There are certain songs that possess a strange magic. The capturing of a moment, the summing up of a life, the encapsulating of assured optimism and inevitable disappointment in the singular space between a lyric phrase and a piano note; these are the moments when we remember why songs are sung and passed down and listened to in the dead of night, why they can carry you through to dawn, and why they can make you stop and question everything that has gone before and then walk away to start a new life.
There are certain songs like this; they come rarely; there are not many of them. One of these songs came hissing out of my car radio one time, and then broke the static silence another time, so that I remembered the band name, and knew it was them when the agency sent me the mail to say that they were coming to town – and sent me the CD too.
Which came to live in my car with me, on long winter drives along cold lakes and watching mist rising out of deathly mid-winter north European mornings; that reminded me that it was alright, when I held my head and didn’t think I was going to make it this time; that whispered bassily to me through heavy headphones on the sofa in the dark somewhere late in the night, empty and exposed and not knowing.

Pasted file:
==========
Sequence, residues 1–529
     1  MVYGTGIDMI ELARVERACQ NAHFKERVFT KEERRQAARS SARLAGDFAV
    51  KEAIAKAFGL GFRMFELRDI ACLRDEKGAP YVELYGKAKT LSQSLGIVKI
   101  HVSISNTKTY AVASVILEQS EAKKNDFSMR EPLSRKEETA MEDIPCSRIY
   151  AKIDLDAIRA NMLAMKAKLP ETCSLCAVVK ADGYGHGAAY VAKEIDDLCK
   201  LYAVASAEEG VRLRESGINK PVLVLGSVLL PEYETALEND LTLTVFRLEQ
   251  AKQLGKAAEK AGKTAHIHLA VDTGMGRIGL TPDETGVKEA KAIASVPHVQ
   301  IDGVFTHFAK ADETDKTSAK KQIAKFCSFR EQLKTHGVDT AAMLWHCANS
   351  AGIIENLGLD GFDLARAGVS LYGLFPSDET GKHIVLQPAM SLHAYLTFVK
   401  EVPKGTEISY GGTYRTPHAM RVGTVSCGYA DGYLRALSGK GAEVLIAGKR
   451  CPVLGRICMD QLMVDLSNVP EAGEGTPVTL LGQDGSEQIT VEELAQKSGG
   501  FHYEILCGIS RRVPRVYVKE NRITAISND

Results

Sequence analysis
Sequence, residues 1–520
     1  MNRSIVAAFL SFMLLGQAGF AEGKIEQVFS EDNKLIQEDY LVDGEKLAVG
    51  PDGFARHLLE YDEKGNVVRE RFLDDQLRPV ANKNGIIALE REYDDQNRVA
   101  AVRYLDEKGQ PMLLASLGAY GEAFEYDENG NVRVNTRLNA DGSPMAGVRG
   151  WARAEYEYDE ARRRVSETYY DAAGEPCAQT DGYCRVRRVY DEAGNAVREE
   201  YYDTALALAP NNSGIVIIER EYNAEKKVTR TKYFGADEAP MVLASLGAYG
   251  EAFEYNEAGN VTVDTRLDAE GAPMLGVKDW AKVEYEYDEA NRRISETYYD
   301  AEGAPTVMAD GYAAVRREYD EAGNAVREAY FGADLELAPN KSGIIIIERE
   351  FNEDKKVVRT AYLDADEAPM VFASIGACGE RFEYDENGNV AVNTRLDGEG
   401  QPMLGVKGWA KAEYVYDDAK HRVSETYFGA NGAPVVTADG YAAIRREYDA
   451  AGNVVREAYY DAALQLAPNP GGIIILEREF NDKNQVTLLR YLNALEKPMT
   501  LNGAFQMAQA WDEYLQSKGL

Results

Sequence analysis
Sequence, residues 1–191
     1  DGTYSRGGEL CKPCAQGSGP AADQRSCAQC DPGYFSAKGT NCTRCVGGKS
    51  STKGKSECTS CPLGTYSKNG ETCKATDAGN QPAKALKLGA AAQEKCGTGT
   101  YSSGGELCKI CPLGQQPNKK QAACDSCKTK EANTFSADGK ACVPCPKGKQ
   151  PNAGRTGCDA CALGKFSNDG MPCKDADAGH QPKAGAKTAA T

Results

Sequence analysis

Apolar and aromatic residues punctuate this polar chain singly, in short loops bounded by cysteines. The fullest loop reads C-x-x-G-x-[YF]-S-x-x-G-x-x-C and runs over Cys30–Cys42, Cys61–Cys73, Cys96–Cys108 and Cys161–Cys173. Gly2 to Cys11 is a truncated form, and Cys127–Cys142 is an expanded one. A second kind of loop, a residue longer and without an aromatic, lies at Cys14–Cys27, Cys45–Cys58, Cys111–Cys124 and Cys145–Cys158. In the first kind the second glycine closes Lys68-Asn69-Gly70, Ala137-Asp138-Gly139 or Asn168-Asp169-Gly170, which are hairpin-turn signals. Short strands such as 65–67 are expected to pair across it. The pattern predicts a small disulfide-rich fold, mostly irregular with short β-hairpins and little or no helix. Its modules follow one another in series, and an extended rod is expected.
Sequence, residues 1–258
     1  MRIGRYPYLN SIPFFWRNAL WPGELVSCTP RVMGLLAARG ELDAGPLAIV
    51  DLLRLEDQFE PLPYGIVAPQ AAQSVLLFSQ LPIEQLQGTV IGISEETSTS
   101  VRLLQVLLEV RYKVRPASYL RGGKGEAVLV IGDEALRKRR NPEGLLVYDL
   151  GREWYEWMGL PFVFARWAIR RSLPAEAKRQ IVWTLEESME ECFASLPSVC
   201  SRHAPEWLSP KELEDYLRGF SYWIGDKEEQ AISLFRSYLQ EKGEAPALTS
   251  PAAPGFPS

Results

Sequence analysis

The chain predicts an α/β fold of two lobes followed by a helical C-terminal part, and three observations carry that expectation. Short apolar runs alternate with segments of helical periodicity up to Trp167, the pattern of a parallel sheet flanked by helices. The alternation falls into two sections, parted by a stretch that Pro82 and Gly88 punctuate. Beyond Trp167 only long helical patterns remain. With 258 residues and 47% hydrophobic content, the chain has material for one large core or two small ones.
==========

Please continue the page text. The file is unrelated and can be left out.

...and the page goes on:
“This Is How I Let You Down” is one of those songs that get you and hold you down
“This Is How I Let You Down” is one of those songs that get you and hold you down. Surprisingly though it was another song from the album, “Old Piano” that was the one that won singer-songwriter Jon Motte a Nashville songwriting prize from among 8,000 bands from all over the world, and propelled him into assembling what became The Franklin Electric, to record the album, and to go out and sing these songs to people.
Motte has said that it was the death of his earlier musical partner that pushed him into finishing, finalizing and recording songs, instead of just messing around with them. Maybe it’s that which he harks back to constantly, the melancholy that leaves its fingerprint on every song. And yet to see them on stage, you realise that it must be true that the root of joy is in sadness – and vice versa.